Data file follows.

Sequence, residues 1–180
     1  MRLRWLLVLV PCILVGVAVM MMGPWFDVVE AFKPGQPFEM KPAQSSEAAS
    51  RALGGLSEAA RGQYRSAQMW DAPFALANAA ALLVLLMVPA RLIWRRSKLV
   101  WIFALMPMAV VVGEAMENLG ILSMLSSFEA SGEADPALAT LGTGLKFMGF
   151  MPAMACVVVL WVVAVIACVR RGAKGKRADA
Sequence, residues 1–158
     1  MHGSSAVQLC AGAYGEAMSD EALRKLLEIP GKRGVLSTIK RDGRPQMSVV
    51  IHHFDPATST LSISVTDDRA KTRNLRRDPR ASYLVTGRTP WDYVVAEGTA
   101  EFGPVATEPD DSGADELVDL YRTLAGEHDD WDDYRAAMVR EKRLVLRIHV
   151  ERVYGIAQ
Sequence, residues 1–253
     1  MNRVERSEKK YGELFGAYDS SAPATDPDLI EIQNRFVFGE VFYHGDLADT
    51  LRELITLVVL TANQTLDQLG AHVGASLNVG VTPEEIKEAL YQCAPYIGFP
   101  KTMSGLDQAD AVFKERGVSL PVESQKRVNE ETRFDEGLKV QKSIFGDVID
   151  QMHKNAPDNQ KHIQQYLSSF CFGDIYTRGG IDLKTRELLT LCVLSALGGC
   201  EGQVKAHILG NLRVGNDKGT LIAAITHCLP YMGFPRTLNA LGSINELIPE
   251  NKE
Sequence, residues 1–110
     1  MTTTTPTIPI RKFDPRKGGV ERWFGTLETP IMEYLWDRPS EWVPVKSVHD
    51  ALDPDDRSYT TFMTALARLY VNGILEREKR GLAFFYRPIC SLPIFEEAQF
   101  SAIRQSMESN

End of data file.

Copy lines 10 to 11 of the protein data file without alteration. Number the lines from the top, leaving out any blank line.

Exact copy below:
   151  ERVYGIAQ
Sequence, residues 1–253